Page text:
The Case for Instagram

Earlier this week, Instagram unveiled its newest feature ‘Stories’. Sound familiar? Obviously, you’ve probably either noticed yourself upon using the two apps or the amount of media coverage this controversy has received.

One of Snapchat’s most popular features are its ‘Stories’ where users can share pictures or videos among their friends or followers that disappear after 24 hours. Users can post more content without spamming feeds and it also encourages more casual content since it’s only on display for 24 hours. But now, it is also one of Instagram’s controversial features.

Snapchat performs much better on iOS than it does on Android, this is a fact. Why? Because Snapchat does not care about its Android users, and majority of development goes into iOS. I’ve used the app on my past devices; iPhone and Android so I can side with the performance in favor of iOS. However, the majority of Snapchat’s users are probably from iOS which makes sense for Snapchat to dedicate its resources there.

I only have one smartphone that I can compare the two apps, which happens to be an Android device. But just comparing what I can, vieiwng Instagram’s ‘Stories’ feels more fluid compared to Snapchat’s. There is also a noticeable difference in camera quality, not much surprise here. While photos and videos shared through the Snapchat are terrible compared to quality of photos they are actually capable of producing through the native camera app, Instagram does a better job than Snapchat.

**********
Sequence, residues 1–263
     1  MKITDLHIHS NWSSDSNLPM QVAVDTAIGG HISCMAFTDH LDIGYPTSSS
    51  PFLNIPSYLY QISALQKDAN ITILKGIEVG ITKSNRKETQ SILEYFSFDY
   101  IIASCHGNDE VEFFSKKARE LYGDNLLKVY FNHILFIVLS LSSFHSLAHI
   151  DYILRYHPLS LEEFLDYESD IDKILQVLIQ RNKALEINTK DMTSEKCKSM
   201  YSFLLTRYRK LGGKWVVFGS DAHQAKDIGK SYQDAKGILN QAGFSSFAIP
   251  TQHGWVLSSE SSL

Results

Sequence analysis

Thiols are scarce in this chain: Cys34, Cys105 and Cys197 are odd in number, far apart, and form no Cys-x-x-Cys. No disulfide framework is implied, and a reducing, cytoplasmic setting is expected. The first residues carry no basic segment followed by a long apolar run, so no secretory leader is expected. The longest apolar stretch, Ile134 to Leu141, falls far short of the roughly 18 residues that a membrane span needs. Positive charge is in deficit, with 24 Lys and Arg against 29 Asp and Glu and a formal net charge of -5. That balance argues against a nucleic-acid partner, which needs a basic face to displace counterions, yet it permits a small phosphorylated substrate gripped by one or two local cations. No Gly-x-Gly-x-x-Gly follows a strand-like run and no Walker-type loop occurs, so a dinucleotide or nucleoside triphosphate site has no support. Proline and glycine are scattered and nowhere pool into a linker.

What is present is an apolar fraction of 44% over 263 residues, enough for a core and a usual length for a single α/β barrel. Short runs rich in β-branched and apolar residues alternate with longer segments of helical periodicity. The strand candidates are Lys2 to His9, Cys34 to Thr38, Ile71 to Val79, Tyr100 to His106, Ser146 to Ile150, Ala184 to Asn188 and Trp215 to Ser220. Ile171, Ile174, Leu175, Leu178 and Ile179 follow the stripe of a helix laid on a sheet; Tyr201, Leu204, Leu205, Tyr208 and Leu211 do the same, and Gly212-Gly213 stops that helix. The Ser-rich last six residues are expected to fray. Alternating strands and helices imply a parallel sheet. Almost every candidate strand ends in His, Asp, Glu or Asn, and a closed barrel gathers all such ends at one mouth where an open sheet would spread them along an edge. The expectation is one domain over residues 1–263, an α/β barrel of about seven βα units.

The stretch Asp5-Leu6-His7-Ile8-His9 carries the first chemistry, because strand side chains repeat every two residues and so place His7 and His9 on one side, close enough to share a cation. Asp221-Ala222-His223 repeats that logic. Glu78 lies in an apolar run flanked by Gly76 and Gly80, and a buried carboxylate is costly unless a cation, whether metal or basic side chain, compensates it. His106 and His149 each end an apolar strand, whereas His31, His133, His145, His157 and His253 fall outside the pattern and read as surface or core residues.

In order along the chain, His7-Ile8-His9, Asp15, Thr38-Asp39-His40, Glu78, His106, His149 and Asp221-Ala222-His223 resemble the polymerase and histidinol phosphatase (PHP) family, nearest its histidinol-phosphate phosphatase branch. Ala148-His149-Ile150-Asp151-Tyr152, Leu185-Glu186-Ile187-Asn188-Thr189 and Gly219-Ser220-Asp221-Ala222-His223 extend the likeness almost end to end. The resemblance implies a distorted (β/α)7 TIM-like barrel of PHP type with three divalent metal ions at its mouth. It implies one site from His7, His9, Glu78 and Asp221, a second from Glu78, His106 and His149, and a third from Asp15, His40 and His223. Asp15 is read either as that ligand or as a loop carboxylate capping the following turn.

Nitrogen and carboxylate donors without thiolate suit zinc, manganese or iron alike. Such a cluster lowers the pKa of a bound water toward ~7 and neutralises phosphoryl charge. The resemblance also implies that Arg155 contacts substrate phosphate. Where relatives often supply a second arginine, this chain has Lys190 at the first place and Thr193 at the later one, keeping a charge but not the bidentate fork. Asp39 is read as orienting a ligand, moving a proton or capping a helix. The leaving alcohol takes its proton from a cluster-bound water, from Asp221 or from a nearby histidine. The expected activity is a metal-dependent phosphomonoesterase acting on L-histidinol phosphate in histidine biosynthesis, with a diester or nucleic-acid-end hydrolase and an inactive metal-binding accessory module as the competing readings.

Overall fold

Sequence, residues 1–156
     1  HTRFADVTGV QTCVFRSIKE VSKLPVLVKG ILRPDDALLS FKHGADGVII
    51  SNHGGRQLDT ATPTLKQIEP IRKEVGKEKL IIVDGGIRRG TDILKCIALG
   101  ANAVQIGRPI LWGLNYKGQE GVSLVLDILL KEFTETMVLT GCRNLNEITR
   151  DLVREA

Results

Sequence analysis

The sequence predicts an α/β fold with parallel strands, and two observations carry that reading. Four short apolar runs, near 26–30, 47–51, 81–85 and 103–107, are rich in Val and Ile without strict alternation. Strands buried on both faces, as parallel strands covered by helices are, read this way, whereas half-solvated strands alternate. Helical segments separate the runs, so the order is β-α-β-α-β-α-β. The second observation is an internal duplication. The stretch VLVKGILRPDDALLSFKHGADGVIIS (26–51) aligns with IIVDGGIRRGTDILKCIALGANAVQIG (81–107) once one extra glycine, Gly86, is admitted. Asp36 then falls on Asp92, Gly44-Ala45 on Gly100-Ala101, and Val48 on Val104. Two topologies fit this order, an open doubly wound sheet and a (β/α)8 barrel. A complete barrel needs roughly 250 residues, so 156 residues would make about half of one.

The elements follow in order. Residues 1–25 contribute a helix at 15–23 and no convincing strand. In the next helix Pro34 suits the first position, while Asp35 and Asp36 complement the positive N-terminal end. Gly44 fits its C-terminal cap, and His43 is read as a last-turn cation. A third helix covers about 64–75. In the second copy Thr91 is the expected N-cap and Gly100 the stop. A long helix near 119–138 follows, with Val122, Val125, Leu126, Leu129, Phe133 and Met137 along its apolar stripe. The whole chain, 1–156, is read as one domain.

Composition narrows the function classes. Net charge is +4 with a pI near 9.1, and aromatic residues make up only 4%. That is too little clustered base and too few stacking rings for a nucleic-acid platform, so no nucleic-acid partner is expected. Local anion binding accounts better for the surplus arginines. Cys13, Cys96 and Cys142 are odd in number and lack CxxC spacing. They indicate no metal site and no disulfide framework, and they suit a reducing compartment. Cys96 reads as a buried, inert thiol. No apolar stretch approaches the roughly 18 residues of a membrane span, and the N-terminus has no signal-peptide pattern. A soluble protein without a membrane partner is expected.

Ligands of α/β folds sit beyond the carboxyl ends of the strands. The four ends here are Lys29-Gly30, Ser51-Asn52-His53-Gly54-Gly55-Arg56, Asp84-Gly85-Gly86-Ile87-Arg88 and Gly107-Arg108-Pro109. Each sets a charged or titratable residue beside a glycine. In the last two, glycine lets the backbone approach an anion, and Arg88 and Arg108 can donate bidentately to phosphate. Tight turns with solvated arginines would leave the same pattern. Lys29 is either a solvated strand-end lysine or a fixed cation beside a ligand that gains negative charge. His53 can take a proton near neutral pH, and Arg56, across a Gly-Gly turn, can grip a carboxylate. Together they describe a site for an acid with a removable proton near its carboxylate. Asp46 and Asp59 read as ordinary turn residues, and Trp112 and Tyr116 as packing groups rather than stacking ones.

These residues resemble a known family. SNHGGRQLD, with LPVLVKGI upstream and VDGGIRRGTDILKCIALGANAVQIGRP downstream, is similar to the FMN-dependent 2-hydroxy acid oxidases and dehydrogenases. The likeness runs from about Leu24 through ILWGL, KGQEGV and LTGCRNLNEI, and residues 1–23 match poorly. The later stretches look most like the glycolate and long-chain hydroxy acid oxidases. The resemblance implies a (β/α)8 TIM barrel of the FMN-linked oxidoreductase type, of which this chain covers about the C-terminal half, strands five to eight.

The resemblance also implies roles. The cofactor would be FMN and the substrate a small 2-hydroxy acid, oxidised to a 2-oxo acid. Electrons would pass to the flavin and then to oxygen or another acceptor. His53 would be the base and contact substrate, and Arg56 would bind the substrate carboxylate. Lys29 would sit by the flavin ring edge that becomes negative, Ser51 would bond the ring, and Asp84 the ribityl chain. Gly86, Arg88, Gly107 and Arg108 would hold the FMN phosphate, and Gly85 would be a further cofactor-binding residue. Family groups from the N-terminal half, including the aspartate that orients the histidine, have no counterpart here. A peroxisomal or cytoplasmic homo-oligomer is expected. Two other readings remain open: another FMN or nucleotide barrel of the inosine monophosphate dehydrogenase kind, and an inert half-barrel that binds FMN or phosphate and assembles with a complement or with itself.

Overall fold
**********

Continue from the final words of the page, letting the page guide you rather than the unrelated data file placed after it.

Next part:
I don’t doubt that Snapchat’s users will remain loyal to posting on their Stories on the original platform, after seeing people promoting their Snapchat accounts via Instagram’s Stories in protest, I assume.

But the important thing here is that this is creating competition between the Social Networks. Each network executes its own portfolio of features well, and when other apps try to mimic other platforms and publish new apps, it usually ends up a failure. Maybe plain old ‘copy-paste’ is what is needed in order to foster direct competition in this industry.